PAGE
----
The Crucial Lesson of Gaps in Abortion Journalism

Alexa Gagosz’s recent article promoting subsidized abortion in the Boston Globe ought to be shocking in its superficiality.  Gagosz incorporates zero moral complexity and glosses over the biology of abortions.  The article presents the reader with a medical procedure that disadvantaged women can sometimes not manage to afford or procure for reasons of transportation.  Activists are given the full article to give voice to any unsubstantiated worry about any policy that might not make abortion as free and casual as it can possibly be.

The article, itself, mentions in passing that Rhode Island is (to our shame) likely to become a destination state for women seeking abortions.  Yet, even this, is insufficient for the Boston Globe, which gives the article the headline, “The barriers to getting an abortion in Rhode Island.”

Something sinister and sick oozes out from between the words in such advocacy, and an ethical society would insist that the gaps be filled with moral consideration.  This shouldn’t be difficult; look at the first paragraph:

Dr. Beth Cronin had a patient come into her practice recently with an unplanned pregnancy. The couple already had children, and were not in any financial position to have another, but could not afford to pay for an abortion, which can cost hundreds or even thousands of dollars.

Let’s enter at the level of language.  Observe that the patient (not a “woman”) enters the practice “with an unplanned pregnancy” — as if pregnancy is some thing separate from the body, some potentially malign thing that somehow attaches to a woman as she goes about her life.  The patient wishes to “pay for an abortion,” as if it, too, is some thing — like a simple transaction conducted at any store.  You go up to the counter, and you pay for the thing, and you leave.  The language is conspicuously distant from the reality of its content.

Turning to the substance, what is going on in the anecdote, objectively put?

A fertile couple has conceived another child whom they’ve decided they cannot afford.  What “afford” means can differ from family to family.  Are both parents already working full schedules?  Are they fully engaging their extended family for support?  Do they vacation?  Smoke?  Go out for dinner often?  These are all decisions that ought to be left to families and individuals to make, but in this case, they are relevant because, first, we’re talking about ending a human life and, second, the policy for which Gagosz’s article advocates would require others to pay for the procedure in multiple ways.  Those others — whose money is the financial expression of the value of their own labor — have a right to know whether they’re saving the family from bankruptcy and dissolution or just from having to work full schedules or to skip a vacation in any year that a pregnancy attaches itself to mom.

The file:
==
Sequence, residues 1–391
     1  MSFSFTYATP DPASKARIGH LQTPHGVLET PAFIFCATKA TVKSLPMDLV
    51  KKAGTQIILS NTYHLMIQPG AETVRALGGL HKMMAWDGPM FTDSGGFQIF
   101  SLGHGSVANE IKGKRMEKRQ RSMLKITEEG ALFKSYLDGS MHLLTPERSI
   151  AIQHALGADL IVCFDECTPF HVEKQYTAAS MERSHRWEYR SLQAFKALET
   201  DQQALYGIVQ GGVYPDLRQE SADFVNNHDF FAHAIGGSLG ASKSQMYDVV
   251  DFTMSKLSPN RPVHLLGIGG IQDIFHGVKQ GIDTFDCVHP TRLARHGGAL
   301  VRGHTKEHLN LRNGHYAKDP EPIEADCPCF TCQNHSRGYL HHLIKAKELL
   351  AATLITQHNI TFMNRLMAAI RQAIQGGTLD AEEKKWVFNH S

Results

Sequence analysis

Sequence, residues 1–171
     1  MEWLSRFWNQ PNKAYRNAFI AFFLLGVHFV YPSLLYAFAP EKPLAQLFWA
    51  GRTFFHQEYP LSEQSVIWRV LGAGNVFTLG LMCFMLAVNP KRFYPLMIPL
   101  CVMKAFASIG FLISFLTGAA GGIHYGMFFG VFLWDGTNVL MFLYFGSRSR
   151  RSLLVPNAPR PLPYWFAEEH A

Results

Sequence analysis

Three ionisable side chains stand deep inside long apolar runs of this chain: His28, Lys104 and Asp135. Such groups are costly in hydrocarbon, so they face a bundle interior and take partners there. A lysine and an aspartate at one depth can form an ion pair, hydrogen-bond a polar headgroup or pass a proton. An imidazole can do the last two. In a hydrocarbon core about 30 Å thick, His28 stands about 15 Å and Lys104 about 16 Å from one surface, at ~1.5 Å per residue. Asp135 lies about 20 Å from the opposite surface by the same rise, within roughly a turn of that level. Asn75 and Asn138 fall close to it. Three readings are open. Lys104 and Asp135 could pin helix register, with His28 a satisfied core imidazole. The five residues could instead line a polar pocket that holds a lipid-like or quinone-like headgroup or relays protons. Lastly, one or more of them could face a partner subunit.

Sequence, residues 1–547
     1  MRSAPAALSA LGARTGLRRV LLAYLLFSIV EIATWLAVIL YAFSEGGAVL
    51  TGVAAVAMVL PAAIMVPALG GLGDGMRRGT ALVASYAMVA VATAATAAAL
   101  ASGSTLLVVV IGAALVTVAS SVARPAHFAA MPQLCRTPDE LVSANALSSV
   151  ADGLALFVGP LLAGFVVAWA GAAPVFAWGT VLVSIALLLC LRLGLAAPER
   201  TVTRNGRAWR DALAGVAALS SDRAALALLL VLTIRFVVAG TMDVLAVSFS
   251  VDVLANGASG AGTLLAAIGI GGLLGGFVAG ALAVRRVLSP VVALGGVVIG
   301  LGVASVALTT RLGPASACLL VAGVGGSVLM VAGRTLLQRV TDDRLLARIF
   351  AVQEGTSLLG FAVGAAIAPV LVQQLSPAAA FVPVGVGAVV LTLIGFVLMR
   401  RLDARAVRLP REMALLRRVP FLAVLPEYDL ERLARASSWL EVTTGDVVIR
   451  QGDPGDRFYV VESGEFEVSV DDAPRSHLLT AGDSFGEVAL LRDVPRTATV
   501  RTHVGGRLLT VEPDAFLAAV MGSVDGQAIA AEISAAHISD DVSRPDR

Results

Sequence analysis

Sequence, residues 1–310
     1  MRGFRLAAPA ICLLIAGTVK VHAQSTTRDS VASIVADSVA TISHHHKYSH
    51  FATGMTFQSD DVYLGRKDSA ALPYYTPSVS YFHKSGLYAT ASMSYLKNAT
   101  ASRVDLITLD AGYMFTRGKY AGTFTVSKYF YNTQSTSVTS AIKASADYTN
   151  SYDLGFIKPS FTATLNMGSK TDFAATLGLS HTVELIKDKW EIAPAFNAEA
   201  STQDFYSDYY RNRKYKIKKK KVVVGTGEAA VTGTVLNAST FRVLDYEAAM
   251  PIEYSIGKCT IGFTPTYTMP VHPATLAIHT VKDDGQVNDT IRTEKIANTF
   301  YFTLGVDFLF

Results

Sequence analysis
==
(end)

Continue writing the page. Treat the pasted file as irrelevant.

So, having decided that they cannot afford to provide their other children with the joy of an additional sibling, the parents in the anecdote are choosing to kill him or her.  That sentence only seems contentious because the abortion debate is so mired in obfuscation.  Biologically, the infamous “clump of cells” is an independent human organism who will develop into a baby, be born, and grow up to live a fully human life unless nature, an abortionist, a murderer, or some tragic accident interferes.  This is simple biology.

From that point, we can debate existential questions about when a “person” exists with access to rights (the right to life at a minimum), about the obligation parents have to the human beings whom they create (especially when the action to create them was entirely knowing and willful), and about the obligations the rest of us have to those parents and children (as well as the economic system that best fulfills our obligations).  These are some of the most challenging ethical questions of the human experience.  Apparently, Gagosz and the doctors whom she quotes have an attenuated sense of the interplay of biology and ethics.

Finally, we come to the target of their advocacy.  Even if the moral conclusion of Gagosz and the abortionists is justified, one can hardly miss the fact that many people disagree.  Indeed, this moral question is one of the major stories of the past fifty years, at least, in our country.  Let alone failing to live up to the promise of modern journalism, such articles do an active disservice to readers by excluding the very core of the controversy.

In this, Gagosz is precisely in line with what mainstream journalism has become, and the consequence shows in younger generations.  In story after story, the reason for the protagonists’ circumstances is minimized or excluded entirely, leaving no explanation but that a wicked patriarchy is oppressing others simply for oppression’s sake.

How does a celebrity host of a political/social talk show like Bill Maher reach his mid-sixties not knowing that the United States’ abortion law is among the most radical on the planet?  Because he has wrongly believed that his news sources inform him about the world.  If they ever did, they don’t any longer.  They convey the particular beliefs of a particular class and a particular ideology to further the power of a particular political party.


Featured image by Dev Asangbam on Unsplash.

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